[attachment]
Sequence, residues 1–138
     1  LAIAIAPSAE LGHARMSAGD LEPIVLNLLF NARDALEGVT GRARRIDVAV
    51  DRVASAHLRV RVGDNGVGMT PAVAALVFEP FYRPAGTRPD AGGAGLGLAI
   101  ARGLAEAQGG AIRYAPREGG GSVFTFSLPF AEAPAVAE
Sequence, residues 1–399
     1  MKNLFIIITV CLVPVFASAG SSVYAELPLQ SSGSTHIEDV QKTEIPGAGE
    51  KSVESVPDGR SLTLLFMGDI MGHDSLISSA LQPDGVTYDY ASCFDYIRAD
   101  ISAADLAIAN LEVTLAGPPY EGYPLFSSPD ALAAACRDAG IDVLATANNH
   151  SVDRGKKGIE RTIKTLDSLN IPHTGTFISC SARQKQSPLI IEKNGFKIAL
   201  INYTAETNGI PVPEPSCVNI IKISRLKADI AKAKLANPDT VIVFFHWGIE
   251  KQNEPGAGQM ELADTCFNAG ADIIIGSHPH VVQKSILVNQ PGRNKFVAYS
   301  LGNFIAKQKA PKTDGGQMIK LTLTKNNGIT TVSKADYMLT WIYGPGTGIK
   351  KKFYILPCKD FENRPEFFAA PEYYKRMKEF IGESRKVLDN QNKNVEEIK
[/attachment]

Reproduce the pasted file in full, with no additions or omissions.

Sequence, residues 1–138
     1  LAIAIAPSAE LGHARMSAGD LEPIVLNLLF NARDALEGVT GRARRIDVAV
    51  DRVASAHLRV RVGDNGVGMT PAVAALVFEP FYRPAGTRPD AGGAGLGLAI
   101  ARGLAEAQGG AIRYAPREGG GSVFTFSLPF AEAPAVAE
Sequence, residues 1–399
     1  MKNLFIIITV CLVPVFASAG SSVYAELPLQ SSGSTHIEDV QKTEIPGAGE
    51  KSVESVPDGR SLTLLFMGDI MGHDSLISSA LQPDGVTYDY ASCFDYIRAD
   101  ISAADLAIAN LEVTLAGPPY EGYPLFSSPD ALAAACRDAG IDVLATANNH
   151  SVDRGKKGIE RTIKTLDSLN IPHTGTFISC SARQKQSPLI IEKNGFKIAL
   201  INYTAETNGI PVPEPSCVNI IKISRLKADI AKAKLANPDT VIVFFHWGIE
   251  KQNEPGAGQM ELADTCFNAG ADIIIGSHPH VVQKSILVNQ PGRNKFVAYS
   301  LGNFIAKQKA PKTDGGQMIK LTLTKNNGIT TVSKADYMLT WIYGPGTGIK
   351  KKFYILPCKD FENRPEFFAA PEYYKRMKEF IGESRKVLDN QNKNVEEIK